See you at the fair!

CTALK - Cito Beltran - The Philippine Star

That line certainly dates me and was a popular shout out back in the 60’s, among people who looked forward to meeting up at fairs. Here in the Philippines that usually meant the school fair, during which rides, booths, games and three days of fun were held to break the monotony of school, a chance to show off your school facilities or grounds to outsiders or maybe get to meet students of the opposite sex.

As things progressed, it became competitive, vengeful and loud. Those three days featured sports competitions, a chance to dunk the unpopular teacher or putting Mr. Popularity “in jail” or being handcuffed with your crush and pretending innocence. It was either heavenly smelling her perfume or a total ego crush as she held you in contempt and utter disgust! By the 70’s, school fairs started featuring concerts and those became the breakout events for many OPM bands.

Unfortunately, that was largely the extent of fairs in schools and universities I got to go to or visit. Being an agriculturally dependent country, it makes me wonder why the Department of Agriculture, the Department of Trade and the DepEd have not put their resources together to develop and promote “county fairs” and club events such as the 4H clubs did in the US back then.

Government and media habitually point out that many farmers’ children have no desire to carry on with the back-breaking toil of farming and would rather go to the cities and work at a call center or be a food delivery rider. If they’re so poor, how do they even transition to the city with nothing on them? Back breaking? Maybe, if all you plant is rice the way it’s been done for the last hundred years without mechanization or solar technology.

Half of those claims are perpetuated myths used to justify the put down of farming. There is so much video evidence on YouTube about successful roof deck farming on 150 to 200 square meters, while these farmers’ kids have an average of 1.5 hectares that is big enough to raise vegetables, livestock, fish and fruits to sustain a family annually.

The reason we need to put up and promote 4H clubs and fairs is for the very young people to know where their food comes from, that there is money in backyard farming and a future in farming. If you work and save you can rent, lease or buy more land through deferred payments. But children need to be taught the way they should go, grow and think.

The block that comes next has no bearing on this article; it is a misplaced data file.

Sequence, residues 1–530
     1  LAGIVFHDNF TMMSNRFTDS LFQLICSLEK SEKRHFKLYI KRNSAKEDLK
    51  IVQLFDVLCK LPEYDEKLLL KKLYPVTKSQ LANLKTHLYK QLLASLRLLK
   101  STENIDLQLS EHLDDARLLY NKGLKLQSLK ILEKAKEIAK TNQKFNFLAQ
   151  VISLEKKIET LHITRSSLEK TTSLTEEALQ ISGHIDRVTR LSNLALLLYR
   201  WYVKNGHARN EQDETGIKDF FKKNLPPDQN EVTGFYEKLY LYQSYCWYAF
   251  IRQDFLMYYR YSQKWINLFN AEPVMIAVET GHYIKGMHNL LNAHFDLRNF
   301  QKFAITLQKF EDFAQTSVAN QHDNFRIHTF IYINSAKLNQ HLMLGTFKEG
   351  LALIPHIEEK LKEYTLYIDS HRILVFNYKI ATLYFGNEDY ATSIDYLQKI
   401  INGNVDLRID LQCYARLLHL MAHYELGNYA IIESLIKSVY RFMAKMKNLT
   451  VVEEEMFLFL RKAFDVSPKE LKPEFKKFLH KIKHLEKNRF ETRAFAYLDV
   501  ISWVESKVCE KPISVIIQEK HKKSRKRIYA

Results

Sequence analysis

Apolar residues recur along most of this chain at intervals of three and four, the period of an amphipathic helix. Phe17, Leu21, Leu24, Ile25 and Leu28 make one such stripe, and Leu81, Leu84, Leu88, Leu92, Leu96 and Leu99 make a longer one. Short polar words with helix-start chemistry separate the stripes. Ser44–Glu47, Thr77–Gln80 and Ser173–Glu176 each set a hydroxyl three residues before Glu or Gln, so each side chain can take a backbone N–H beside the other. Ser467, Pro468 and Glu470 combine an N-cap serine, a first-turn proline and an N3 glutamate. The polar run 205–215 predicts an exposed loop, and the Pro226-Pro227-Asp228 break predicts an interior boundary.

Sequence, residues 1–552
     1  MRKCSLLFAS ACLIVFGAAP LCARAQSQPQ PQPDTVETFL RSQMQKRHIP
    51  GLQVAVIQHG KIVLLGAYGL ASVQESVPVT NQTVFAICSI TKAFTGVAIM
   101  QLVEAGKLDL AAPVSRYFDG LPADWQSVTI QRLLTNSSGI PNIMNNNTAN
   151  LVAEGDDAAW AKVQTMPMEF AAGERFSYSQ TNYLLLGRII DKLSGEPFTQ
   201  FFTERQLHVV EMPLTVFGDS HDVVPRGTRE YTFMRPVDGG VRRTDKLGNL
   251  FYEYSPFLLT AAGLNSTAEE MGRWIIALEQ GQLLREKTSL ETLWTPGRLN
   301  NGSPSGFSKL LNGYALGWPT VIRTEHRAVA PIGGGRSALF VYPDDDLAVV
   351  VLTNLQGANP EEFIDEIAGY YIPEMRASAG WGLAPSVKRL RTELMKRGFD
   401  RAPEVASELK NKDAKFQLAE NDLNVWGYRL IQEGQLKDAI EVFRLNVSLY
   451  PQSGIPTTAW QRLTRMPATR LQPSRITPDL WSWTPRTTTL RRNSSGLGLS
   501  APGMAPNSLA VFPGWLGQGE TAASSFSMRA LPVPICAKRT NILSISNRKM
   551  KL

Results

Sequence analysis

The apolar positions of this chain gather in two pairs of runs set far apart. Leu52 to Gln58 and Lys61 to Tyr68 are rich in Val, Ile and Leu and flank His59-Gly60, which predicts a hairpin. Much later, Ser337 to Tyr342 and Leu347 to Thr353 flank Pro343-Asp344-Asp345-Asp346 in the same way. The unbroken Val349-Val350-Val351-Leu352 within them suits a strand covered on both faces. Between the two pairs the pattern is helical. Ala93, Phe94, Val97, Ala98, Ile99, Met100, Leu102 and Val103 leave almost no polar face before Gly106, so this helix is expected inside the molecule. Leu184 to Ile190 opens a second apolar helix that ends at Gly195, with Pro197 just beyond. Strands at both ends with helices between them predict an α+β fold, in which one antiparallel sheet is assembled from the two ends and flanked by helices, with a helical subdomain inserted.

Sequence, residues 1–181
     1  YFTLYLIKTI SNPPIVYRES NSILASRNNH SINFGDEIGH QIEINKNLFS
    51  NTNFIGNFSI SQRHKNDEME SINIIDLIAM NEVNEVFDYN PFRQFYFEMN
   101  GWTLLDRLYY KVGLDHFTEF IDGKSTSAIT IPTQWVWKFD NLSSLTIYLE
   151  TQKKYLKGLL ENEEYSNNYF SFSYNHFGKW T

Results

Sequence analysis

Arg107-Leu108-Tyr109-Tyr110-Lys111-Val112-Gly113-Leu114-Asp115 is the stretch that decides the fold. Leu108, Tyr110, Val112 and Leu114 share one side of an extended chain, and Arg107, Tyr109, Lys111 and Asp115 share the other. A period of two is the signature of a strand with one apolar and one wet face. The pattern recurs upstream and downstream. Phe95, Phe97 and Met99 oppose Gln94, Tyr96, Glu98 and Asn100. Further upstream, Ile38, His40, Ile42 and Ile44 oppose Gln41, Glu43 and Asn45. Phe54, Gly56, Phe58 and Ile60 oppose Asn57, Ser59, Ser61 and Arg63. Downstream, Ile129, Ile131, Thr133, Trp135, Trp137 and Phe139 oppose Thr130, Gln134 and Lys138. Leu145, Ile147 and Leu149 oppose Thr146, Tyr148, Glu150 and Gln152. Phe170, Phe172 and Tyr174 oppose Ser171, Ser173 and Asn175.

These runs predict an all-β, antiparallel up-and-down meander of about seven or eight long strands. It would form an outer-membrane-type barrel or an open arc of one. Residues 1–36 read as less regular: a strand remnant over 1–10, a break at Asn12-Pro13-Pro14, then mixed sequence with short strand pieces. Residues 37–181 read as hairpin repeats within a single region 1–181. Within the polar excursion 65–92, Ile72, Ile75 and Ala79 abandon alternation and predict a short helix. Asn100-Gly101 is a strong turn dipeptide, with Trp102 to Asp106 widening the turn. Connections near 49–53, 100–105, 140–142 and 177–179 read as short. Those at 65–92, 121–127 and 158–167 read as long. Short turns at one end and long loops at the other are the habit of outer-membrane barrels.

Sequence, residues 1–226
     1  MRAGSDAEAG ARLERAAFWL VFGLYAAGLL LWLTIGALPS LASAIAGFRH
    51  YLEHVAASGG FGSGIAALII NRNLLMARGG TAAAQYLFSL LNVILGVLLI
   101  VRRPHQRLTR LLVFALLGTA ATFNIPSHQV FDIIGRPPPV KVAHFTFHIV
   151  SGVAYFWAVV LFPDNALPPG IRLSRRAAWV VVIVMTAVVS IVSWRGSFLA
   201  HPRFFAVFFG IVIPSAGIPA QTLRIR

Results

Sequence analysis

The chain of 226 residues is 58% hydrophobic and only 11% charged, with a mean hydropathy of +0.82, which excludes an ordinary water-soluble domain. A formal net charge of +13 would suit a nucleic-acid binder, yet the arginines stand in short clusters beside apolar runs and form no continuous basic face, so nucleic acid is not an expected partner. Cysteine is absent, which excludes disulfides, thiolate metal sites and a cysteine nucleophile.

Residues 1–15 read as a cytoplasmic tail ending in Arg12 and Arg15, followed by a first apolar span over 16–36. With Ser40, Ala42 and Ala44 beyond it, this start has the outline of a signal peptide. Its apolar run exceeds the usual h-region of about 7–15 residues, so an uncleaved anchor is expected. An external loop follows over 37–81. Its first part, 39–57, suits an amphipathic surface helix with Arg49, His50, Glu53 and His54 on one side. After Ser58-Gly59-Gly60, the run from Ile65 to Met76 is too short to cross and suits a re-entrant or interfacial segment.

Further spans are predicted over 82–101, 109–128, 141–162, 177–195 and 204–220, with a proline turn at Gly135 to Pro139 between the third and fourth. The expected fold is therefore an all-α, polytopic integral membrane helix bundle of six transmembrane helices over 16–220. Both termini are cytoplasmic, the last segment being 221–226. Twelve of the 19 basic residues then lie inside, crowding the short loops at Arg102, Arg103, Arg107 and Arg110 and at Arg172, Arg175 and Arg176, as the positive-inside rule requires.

Considering the commercial success of such trade fairs you would think that the government would have seen the potential early on, not only in terms of money but also in promoting the programs and services of government and empowering people through public seminars. We have mistakenly bet the farm on Facebook and social media, allowed Covid to scare us and disregard the value of human interaction and exchange.

Today, for instance, marks the 12th year of the World Game Fowl Expo, Jan. 19 to 21, 2024 at the World Trade Center in Pasay City. I’m certain that this trade show for game fowl enthusiasts or “sabungeros” will attract over a hundred thousand visitors, hundreds of exhibitors and will generate millions upon millions of pesos per day.

The main attraction may be all the live hens, roosters and breeding materials for sale, but it is also the go-to event for companies such as BMeg Feeds, San Miguel Animal Health products to showcase their wide array of products as well as host mini seminars to educate the public in matters relative to animal care, feeding and medication.

Even micro businesses such as manufacturers of poultry and game fowl equipment like incubators, a variety of pens, inventory related materials and accessories look forward to the expo to promote their much-needed wares in the poultry and game fowl industry.

Barely a month after that, there will be a similar event on Feb. 9 to 11 called the Philippine Pet Expo at the SMX Convention Center and once again the fair or expo as they call it, will focus on gamefowls as well as a wide variety of pets and will be equally well-attended. After that smaller events will take place up north and down south as far as Cebu and Davao. The next Agri link fair won’t be until October, I think.

The expos or fairs are certainly good for the sabong industry, livestock sector and a welcome event among pet lovers, but they are usually private sector and commercially driven. People who have related products and the capital to pay for three days’ participation of about P50,000 I am told, get to sell their produce. Once again it ends up becoming an event for people with lots of cash and for people in Metro Manila.

Based on what I’ve seen on YouTube, the ordinary Filipinos who have products to sell, live plants or plant-based, end up going to the public markets, tiangge or live-stock roadside selling points such as in Padre Burgos, Batangas, places in Bulacan, etc. There is no system, no quality control, no security measures against stolen goods being sold or scams.

Worst of all there is no rhyme or reason. From the very little I know about state fairs and county fairs abroad, the objective is to promote commerce and agriculture within towns, counties or districts. The theme is to promote community, awareness and getting to know your fellow farmers, producers, vendors and buyers. It is not about attendance, ticket sales and big profits. Most importantly, it celebrates and honors farming and agriculture. See you at the BMeg booths…today, tomorrow and Sunday!

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